By NEIL HARTNELL
Tribune Business Editor
Baha Mar’s Chinese financier will provide an extra $100 million in working capital as part of the proposed settlement to the dispute over the $3.5 billion project, Tribune Business was told yesterday, with November 2015 targeted for its opening.
While there was no sign that agreement had been reached by press time last night, sources familiar with the progress of negotiations in China said the proposed settlement ‘framework’ was similar to what had been offered prior to Baha Mar’s Chapter 11 bankruptcy protection filing.
That would have pegged the cost of completing Baha Mar’s construction at $300 million, subject to verification by a quantity surveyor.
Once that sum was confirmed, China Export-Import Bank, Baha Mar’s main debt financier, would provide $150 million or 50 per cent of the necessary financing.
The $150 million balance would then have been split equally between Baha Mar’s principals, the Izmirlian family, and China Construction America.
While each would have kicked in $75 million, the deal required Sarkis Izmirlian, Baha Mar’s chairman and chief executive, to also provide a personal guarantee - something he baulked at doing prior to June 29’s Chapter 11 filing.
Tribune Business sources with close links to the negotiating parties said that while the original ‘settlement’ was forming the basis for a new agreement, a key new ingredient was that China Export-Import Bank would inject an additional $100 million for Baha Mar to use as working capital.
Prime Minister Perry Christie on Monday said the bank had indicated it would be more “flexible”, and added that “the financing for the operation” was one of the key issues to be determined by the parties in their China talks.
This backs up what Tribune Business’s contacts said yesterday. But Mr Izmirlian still has to provide his personal guarantee, and with no confirmation that all parties had signed up to a settlement agreement, the ‘clock remains ticking’ on the fate of Baha Mar’s 2,593 local employees.
“There’s some settlement in the offing,” one well-placed source, speaking on condition of anonymity, told Tribune Business. “Three hundred million to complete construction, $100 million in operating capital to come from the bank, and an opening in November, which is cutting it close. And Sarkis has to give his personal guarantee.”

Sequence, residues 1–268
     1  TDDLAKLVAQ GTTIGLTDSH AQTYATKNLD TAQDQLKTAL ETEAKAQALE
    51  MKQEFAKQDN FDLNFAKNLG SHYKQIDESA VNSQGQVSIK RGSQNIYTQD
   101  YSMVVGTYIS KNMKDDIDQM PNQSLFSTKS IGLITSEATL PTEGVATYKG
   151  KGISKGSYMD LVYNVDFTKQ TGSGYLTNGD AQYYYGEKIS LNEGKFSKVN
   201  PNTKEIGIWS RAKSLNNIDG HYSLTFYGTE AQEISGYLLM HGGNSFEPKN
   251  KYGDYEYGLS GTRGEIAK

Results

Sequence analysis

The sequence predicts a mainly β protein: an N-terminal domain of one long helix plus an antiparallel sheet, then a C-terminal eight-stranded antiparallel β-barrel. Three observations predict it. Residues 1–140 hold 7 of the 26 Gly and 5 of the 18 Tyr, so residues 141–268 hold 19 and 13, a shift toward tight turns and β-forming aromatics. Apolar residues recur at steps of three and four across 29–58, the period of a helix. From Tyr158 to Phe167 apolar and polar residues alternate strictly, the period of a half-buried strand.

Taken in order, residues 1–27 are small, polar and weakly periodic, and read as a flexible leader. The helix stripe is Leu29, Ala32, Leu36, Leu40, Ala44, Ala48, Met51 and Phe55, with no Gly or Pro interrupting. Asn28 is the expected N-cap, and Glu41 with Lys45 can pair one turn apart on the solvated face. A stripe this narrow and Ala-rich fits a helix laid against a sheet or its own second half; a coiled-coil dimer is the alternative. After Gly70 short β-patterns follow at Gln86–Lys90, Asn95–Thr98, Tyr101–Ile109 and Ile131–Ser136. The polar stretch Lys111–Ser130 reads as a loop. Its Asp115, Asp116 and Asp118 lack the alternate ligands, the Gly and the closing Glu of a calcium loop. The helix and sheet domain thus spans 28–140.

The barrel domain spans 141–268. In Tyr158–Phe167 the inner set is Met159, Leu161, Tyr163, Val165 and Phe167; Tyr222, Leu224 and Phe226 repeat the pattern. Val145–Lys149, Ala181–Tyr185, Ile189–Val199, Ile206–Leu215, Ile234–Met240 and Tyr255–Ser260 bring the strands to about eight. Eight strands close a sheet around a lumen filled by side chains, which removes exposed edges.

Baha Mar previously alleged that its failure to obtain a completion date from China Construction America was a key factor in why it was forced to file for Chapter 11, rather than agree to the proposed settlement pre-June 29.
Mr Izmirlian was likely hoping to use the Chapter 11 protection to ‘ring fence’ the $3.5 billion project from its creditors, preventing them from forcing it into receivership and/or winding-up, and thus forcing them to negotiate on his terms.
However, the Supreme Court’s failure to recognise the Chapter 11 proceedings, and give them legal effect in the Bahamas, has left Mr Izmirlian in a weaker position that before the June 29 filing, according to one attorney.
Speaking on condition of anonymity, the lawyer said there remained no obstacle to China Export-Import Bank exercising its remedies under the mortgage security for its $2.45 billion debt financing.
They suggested that ‘bankruptcy’, as had occurred with the Chapter 11 filing, was a loan default that would allow the Chinese bank to take possession of the $3.5 billion project and enforce its ‘power of sale’.
Such an action, the attorney warned, could potentially cost Mr Izmirlian and his family their entire $850 million equity investment in Baha Mar.